In her fascinating series, Laira Gold explains how Buddhism can teach us how to be more successful horsemen.
Horses are wonderful teachers of patience. That old saying, ‘Go about something like you have 15 minutes and it will take all day. Go about something like you have all day and it will take 15 minutes,’ is so true. I think this is something we can all identify with. How many times has your horse refused to cooperate when you have really wanted that end result, to the point of becoming a little, well, desperate? When a horse feels this state of mind in his human handler, it is as though he is saying, ‘You can’t have it when you ask like that.’
As a certified Monty Roberts Instructor, I have been intrigued at the many parallels between Monty’s principles and psychotherapy or counselling – my other profession. When talking about the way horses learn, Monty suggests it is our job to create the right conditions for learning, however, once the horse is ready to draw that information in, it is then our job to get out of the way. As a psychotherapist, this phenomenon is exactly the same with human clients. It’s a paradox – the keener the therapist is for the client to reach their goals, often the longer the client’s process takes. This is because by attaching ourselves so rigidly to the outcome, we are actually getting in the way of the client’s process.
Interestingly, this teaching is also in line with the Buddhist concepts of attachment and self-grasping. Buddhism teaches that since nothing is permanent and we are all connected, it is madness to place so much power on grasping at external things - be it people, physical objects, goals or ideas and beliefs about ourselves. One of the biggest misinterpretations about Buddhism is that by practising non-attachment, it must mean we lack passion, ambition and do not care about the outcome. This is not the case. Buddhism, like good horsemanship, teaches us the art of having a clear intention but then letting go of the end result. Another way of thinking about this phenomenon is through the idea of pressure zones.
Monty Roberts identified three zones around the horse
The one the furthest away from the horse could be considered the zone of awareness. You know you are in this zone because the horse might look up at you and acknowledge your presence but you are too far away from the horse to be able to drive him forward or draw him towards you. As you move closer, the next zone is the decision-making zone. For some horses out in the wild, this threshold will be miles away, however, for domestic horses, it’s likely to be a lot nearer. In the decision-making zone, you are in a good position to influence the horse’s choice about where he places his feet. If you were to jump up and down and shake some plastic bags, you could probably cause the horse to move away from you for example. It’s in this place that most groundwork takes place. When we get even closer, however, we reach the ‘into pressure’ zone.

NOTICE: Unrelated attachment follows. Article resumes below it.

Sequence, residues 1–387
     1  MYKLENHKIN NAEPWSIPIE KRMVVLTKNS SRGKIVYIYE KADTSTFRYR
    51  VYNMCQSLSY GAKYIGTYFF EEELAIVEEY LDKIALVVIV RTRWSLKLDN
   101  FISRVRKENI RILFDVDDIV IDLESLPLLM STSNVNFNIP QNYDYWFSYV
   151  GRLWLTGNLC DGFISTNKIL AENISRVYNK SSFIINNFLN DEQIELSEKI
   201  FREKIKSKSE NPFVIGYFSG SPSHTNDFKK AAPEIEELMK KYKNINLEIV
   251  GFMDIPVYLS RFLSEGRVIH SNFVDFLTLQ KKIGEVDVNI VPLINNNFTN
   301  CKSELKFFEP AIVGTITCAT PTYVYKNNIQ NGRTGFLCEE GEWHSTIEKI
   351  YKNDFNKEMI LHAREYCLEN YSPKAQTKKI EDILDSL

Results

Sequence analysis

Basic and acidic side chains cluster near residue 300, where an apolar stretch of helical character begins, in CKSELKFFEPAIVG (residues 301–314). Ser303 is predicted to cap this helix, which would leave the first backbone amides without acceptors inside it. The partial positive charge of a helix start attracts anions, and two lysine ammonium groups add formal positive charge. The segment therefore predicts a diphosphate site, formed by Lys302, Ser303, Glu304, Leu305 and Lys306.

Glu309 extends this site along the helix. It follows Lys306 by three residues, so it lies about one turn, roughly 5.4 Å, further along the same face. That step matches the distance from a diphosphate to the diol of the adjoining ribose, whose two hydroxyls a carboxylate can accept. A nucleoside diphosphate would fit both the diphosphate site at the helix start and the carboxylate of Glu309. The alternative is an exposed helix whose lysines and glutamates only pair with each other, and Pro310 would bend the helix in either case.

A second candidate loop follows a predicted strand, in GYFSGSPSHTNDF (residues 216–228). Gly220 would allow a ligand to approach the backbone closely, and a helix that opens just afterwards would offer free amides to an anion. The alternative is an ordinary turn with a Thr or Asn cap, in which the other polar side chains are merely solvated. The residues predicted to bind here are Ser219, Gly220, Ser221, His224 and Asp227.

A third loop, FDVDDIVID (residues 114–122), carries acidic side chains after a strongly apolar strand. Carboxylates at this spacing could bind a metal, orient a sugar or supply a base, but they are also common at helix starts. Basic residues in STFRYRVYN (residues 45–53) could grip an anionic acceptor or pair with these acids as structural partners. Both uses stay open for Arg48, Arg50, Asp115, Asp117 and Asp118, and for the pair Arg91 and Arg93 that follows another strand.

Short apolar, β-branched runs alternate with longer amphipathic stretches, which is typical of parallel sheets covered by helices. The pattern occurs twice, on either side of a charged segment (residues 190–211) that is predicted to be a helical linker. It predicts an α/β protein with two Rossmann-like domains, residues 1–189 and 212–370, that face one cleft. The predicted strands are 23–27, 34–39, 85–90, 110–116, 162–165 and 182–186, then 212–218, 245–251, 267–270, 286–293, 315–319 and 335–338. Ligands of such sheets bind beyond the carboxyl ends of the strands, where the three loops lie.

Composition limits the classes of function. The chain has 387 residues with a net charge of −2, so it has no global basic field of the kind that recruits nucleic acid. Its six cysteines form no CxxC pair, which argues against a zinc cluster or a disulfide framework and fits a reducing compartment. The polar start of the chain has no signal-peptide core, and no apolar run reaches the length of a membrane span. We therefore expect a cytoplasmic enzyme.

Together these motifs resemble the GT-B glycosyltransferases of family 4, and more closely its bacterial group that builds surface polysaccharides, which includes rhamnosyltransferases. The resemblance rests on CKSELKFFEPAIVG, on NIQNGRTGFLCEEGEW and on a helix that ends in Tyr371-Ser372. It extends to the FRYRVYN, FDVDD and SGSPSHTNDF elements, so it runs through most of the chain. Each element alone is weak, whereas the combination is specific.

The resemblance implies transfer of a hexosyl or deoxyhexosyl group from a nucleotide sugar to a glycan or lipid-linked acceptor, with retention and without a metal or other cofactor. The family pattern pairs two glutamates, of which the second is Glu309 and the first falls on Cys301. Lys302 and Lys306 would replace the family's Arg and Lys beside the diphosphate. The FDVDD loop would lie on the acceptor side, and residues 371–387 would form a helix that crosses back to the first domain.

Camping out in this zone can cause problems when we are unaware of the phenomenon and the effects it has. Horses are ‘into pressure’ animals. The most common example of this is when a horse stands on your foot and the more you lean, the more the horse leans back into you. They have evolved this way to protect themselves from predators that already have a hold on them. By leaning back into the pressure of the predator, they still stand a chance of dismantling them. If they carried on running, they are likely to cause more damage to themselves. This is how the into pressure trait has evolved.
One recent encounter I had regarding this involved an untouched three-year-old called Alto. I was training Alto to accept touch on his back legs. In this photo above, you can see his whole body curling around the wooden stick I am placing onto his hindquarters. For Alto this stick represents a predator and because it is already close into his body, it makes more sense to move into it than run away.
Sometimes students who are learning to move the horse around in the round pen can step into this pressure zone without realising it. They wonder why the horse isn’t moving away from them. No matter what they do, the horse will not move its feet and will sometimes even lift a back leg to let that person know they are too close. Of course, being human, the biggest temptation when something is not going right is to move in closer, getting more and more attached and rigid. The more desperate we are to achieve our goals, the less effective we seem to be though. By staying back in the zone of influence physically and mentally, not only are we respecting the horse’s personal space and our own, ironically we are probably going to be more effective too.